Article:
Tuesday, August 16, 2011

The William Jones Mansion

Lorain's City Hall in the days when it was a private residence.
William Jones, an early shipbuilder, erected the building for a home.
Here's another article about a great old house. It's about the William Jones mansion, and it appeared in the pages of the Lorain Journal and Times-Herald on July 14, 1934. Of course, you know the building as the old Lorain City Hall that was demolished in 1974. (The photo and caption that ran with the article is shown above.)


Jones House, 'Mansion' of '70's, Now Used for Muny Offices

Little did William Jones, an early settler in Lorain, and a pioneer shipbuilder, dream when he laid plans for his home on W. Erie-av. that the building some day would house the administrative office of the city 65 years later.

The present mayor, E. A. Braun, lived in the house as a boy.

Coming here from the New England states in the late sixties, Jones decided to build a home. He selected the present site of the city hall, then a quiet section. Work was started in 1870. Most of the carpentry was done by John F. Prince and Westwood Prince. When completed, it was a mansion and the pride of the city.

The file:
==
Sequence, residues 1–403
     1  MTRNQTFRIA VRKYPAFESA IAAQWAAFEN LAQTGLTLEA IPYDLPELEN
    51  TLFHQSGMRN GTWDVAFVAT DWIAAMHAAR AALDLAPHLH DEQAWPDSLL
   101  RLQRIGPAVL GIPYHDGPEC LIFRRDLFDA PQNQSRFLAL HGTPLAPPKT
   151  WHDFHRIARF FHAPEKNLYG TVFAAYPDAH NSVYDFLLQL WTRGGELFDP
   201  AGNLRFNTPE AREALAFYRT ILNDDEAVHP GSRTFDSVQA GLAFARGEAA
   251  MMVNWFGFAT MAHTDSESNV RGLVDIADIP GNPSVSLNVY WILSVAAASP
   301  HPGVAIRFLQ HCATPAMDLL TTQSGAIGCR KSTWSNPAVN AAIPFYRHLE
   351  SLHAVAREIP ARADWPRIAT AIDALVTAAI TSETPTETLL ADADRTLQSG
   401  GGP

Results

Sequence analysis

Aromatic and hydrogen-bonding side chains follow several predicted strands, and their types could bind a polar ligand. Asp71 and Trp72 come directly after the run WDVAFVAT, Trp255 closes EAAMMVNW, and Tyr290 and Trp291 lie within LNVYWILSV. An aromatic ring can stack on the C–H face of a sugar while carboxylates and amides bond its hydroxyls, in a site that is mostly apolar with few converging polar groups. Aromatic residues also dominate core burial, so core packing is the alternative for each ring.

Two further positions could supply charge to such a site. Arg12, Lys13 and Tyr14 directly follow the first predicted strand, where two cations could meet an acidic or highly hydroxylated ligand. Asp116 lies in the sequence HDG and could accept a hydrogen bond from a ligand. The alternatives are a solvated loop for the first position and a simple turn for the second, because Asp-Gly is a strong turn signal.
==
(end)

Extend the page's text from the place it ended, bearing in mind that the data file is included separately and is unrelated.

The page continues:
Bought by City in 1899
In 1877 the house was bought by John Stang, step father of the present mayor.

Stang was a contractor who built many of the docks along the river, also the main abutments of the Erie-av bridge. He died in 1899. About four years later, the building was bought by the city and used as a combination city hall and municipal court building.

Prior to this time, the city offices were in the old Wagner block which stood on the site of the Broadway building. All the offices were moved to the Stang building together with the police offices. The jail was at No. 1 fire station on 4th-st. and prisoners were taken from there to the city hall for arraignment.

City council also met in the building on the second floor. The interior of the building was remodeled from time to time with the offices shifted from floor to floor.

The amount paid by the city for the building was about $30,000, and it was only a few years ago that the last of the bonds were retired.

For a nice gallery of vintage photos of the mansion, click here to visit Loraine Ritchey's That Woman's Weblog.

1 comment:

Jerry A. McCoy said...

I vividly remember going into this house in the early 1970s and walking up the staircase to the left of the entrance. The staircase featured a massive wooden newel post and hand rail. The mayor's office was at the top of the staircase, probably occupying one of the larger bedrooms. I wonder if the carved newel post was saved?